House Financial Services Committee chairman, Rep. Barney Frank, D-Mass., made a interesting point today during a committee hearing with Federal Reserve Chairman Ben Bernanke.
Frank said "if the numbers of unemployment in the second half are no better than those for the first half, we are on track to lose nearly 1 million jobs this year. That’s losing 1 million jobs. 1 million fewer people in the official employment roles than at the beginning of the year. It s not only a case of jobs being lost. There is also continued erosion in the real earnings per hour of working people."
Frank said that on his committee it’s been debated, though now it’s conceded, that "even in those periods when we were generating wealth, and this continues to be a wealthy country with a great capacity to generate wealth through our free markets — the distribution was badly skewed. No one expects equality, equality is not a good thing, you can’t have an economy that works if everything’s equal. But too much inequality also has negative consequences."
There is, he said, "continued erosion in the real earnings per hour of working people."
Frank kept highlighting one section of this week’s Board of Governors of the Federal Reserve System’s Monetary Policy Report to the Congress.
On page 21, the report says that "Broad measures of hourly labor compensation have not kept pace with the rapid increases in both overall consumer prices and labor productivity, despite a labor market that, until recently, had been generally tight. The employment cost index (ECI) for private industry workers, which measures both wages and the cost to employers of providing benefits, rose 3 1/4 percent in nominal terms between March 2007 and March 2008 (the latest available data), the same gain as was recorded over the preceding 12 months."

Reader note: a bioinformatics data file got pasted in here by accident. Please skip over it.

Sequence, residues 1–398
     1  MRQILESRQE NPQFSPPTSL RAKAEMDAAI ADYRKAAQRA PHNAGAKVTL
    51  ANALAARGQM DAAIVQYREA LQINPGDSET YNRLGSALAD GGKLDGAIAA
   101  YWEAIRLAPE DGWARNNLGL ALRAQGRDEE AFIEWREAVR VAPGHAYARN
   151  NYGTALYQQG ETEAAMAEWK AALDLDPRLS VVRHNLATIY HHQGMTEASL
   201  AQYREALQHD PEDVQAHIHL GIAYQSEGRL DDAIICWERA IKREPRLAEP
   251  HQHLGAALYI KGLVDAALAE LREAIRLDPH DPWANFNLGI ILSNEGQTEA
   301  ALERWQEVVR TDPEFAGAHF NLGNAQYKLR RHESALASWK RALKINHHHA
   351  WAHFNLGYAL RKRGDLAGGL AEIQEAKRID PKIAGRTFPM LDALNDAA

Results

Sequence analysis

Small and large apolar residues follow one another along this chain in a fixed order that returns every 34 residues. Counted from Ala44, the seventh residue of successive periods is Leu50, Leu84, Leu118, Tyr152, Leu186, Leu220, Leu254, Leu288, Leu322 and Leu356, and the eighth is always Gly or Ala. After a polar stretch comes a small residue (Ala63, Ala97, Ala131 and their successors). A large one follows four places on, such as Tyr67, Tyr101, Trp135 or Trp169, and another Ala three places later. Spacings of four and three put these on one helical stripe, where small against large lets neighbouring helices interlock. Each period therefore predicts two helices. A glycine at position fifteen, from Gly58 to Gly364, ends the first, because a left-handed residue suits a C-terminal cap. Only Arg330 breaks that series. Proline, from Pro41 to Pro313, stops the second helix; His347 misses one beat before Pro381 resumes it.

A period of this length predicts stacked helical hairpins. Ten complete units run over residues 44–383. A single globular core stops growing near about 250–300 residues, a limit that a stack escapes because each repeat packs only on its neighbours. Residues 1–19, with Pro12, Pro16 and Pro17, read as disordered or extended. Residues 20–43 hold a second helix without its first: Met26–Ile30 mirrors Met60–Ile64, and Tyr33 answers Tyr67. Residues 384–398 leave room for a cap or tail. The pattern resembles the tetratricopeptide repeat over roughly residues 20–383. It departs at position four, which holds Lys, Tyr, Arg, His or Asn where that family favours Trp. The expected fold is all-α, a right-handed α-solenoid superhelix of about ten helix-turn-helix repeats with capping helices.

In other words, Frank said, "working American are producing more wealth for this country than they’re being allowed to share, and that is then exacerbated by the fact that prices are going up." The Fed’s own report, he said, shows "workers have increased their productivity in cooperation with the employers and have failed to be compensated either to keep up with the productivity or to keep up with prices."
Frank said full participation in the global economy is a positive development, "but if it continues to go forward on terms which give a disproportionate share of the benefits to a relatively small number, And the great majority are…falling behind consumer prices, despite increased productivity, then we have to stop in get our own house in order before we can go further."
"That’s why they can’t get a trade bill passed," Frank told me in an interview after the hearing.
He said to me that beyond economic stimulus package, banking regulations and housing and energy proposals Congress is debating these days, Congress needs to provide more for American workers in terms of national health insurance and educational opportunities, not to mention revisiting the tax code.
Another interesting moment in our interview — for a piece that hasn’t aired yet — came when he Frank surmised why Bernanke in the hearing didn’t fully explain why the Fed was only now acting to try to get the sub-prime mortgage crisis under control.
"He was being very gracious because he was not giving the answer which was: it was Alan Greenspan who didn’t act," Frank said, since Bernanke only recently was appointed Fed chair. "If Greenspan had done it 10 years ago, it wouldn’t have happened."